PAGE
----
"Dumping coal ash onto unlined gob piles is not a solution to mine drainage pollution and isn’t fair to communities living near these sites," said Gobeille. "It doesn’t make sense to ship the same toxic waste Pennsylvania acknowledges is a threat to health and the environment at the Little Blue Run impoundment to an unlined mine dump and call it beneficial."
Despite the state’s struggle to handle the billions of gallons of waste produced by coal plants, state officials are doubling down on fossil fuels and demonizing anyone who parts company with them.
In June, Gov. Corbett (R-PA) issued a statement in response to President Obama’s climate change proposal, calling it "not only a war on coal, as suggested by a White House climate adviser, but also a war on jobs."
The governor also recently spoke at a shale gas industry conference in Pittsburgh, where he similarly focused on fracking jobs rather than public health impacts. "The opponents of drilling have really become what I would call economic change deniers," he told the crowd.
Of course, the question remains whether, decades from now when the jobs are largely gone, the accumulated waste from both fracking and coal ash will still be plaguing the state and its residents.
In the meantime, the wastewater from both industries continues to flow.
Visit EcoWatch’s COAL page for more related news on this topic.
By Aaron W Hunter
A chance discovery of a beautifully preserved fossil in the desert landscape of Morocco has solved one of the great mysteries of biology and paleontology: how starfish evolved their arms.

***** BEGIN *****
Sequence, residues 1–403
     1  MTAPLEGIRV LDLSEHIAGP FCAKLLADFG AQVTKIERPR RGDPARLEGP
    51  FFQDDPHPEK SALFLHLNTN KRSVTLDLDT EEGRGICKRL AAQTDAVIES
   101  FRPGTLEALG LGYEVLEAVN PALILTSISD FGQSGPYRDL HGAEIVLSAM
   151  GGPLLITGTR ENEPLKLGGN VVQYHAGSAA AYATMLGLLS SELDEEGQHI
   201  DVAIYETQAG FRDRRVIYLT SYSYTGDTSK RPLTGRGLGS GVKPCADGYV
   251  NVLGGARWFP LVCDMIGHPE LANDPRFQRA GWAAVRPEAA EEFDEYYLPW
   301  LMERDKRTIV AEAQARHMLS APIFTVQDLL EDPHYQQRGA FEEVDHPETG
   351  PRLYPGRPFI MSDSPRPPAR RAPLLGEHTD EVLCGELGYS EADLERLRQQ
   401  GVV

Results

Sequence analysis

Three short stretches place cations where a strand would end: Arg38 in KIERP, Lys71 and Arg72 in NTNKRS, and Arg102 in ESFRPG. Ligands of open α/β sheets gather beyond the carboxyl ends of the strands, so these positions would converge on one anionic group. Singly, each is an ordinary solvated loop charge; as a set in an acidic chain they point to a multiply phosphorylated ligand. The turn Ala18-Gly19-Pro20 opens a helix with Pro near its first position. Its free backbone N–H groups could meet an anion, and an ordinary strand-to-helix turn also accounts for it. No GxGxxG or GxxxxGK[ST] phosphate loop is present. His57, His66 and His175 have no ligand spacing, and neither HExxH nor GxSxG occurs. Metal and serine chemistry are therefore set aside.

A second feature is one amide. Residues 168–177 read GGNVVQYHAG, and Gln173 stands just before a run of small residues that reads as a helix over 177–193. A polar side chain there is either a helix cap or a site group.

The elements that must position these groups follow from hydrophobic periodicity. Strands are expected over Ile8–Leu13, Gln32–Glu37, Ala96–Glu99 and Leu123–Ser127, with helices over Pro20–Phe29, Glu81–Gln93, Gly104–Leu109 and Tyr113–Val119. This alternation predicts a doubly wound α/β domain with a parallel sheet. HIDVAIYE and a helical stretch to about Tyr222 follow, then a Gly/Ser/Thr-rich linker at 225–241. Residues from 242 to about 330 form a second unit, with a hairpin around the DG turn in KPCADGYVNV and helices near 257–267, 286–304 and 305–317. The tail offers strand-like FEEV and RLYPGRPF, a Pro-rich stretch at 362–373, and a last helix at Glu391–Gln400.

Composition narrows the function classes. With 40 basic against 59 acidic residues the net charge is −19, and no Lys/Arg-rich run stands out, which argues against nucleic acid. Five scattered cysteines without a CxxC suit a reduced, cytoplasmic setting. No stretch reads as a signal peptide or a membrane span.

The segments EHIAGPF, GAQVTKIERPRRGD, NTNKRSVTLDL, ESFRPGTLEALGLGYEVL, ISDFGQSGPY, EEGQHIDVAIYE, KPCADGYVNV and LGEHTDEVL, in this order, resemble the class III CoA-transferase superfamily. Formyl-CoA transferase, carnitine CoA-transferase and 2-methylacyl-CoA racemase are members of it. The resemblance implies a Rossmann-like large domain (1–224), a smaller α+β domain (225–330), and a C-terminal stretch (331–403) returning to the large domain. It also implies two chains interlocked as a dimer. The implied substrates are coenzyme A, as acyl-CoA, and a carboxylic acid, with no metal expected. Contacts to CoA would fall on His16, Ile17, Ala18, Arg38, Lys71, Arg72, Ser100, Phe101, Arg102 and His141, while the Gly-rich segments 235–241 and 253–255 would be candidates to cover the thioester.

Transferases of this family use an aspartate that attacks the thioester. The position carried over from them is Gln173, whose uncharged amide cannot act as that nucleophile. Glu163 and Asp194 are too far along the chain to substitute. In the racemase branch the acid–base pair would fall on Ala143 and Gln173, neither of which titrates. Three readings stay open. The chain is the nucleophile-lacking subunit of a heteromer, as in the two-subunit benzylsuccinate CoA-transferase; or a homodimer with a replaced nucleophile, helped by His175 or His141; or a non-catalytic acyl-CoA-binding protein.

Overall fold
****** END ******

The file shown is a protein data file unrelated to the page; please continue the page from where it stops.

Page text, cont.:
The Pompeii of palaeontology. Aaron Hunter, Author provided<h2></h2><p>Although starfish might appear very robust animals, they are typically made up of lots of hard parts attached by ligaments and soft tissue which, upon death, quickly degrade. This means we rely on places like the Fezouata formations to provide snapshots of their evolution.</p><p>The starfish fossil record is patchy, especially at the critical time when many of these animal groups first appeared. Sorting out how each of the various types of ancient starfish relate to each other is like putting a puzzle together when many of the parts are missing.</p><h2>The Oldest Starfish</h2><p><em><a href="https://www.biorxiv.org/content/10.1101/216101v1.full.pdf" target="_blank" rel="noopener noreferrer">Cantabrigiaster</a></em> is the most primitive starfish-like animal to be discovered in the fossil record. It was discovered in 2003, but it has taken over 17 years to work out its true significance.</p><p>What makes <em>Cantabrigiaster</em> unique is that it lacks almost all the characteristics we find in brittle stars and starfish.</p><p>Starfish and brittle stars belong to the family Asterozoa. Their ancestors, the Somasteroids were especially fragile - before <em>Cantabrigiaster</em> we only had a handful of specimens. The celebrated Moroccan paleontologist Mohamed <a href="https://doi.org/10.1016/j.palaeo.2016.06.041" target="_blank" rel="noopener noreferrer">Ben Moula</a> and his local team was instrumental in discovering <a href="https://www.sciencedirect.com/science/article/abs/pii/S0031018216302334?via%3Dihub" target="_blank" rel="noopener noreferrer">these amazing fossils</a> near the town of Zagora, in Morocco.</p><h2>The Breakthrough</h2><p>Our breakthrough moment came when I compared the arms of <em>Cantabrigiaster</em> with those of modern sea lilles, filter feeders with long feathery arms that tend to be attached to the sea floor by a stem or stalk.</p><p>The striking similarity between these modern filter feeders and the ancient starfish led our team from the University of Cambridge and Harvard University to create a new analysis. We applied a biological model to the features of all the current early Asterozoa fossils in existence, along with a sample of their closest relatives.</p>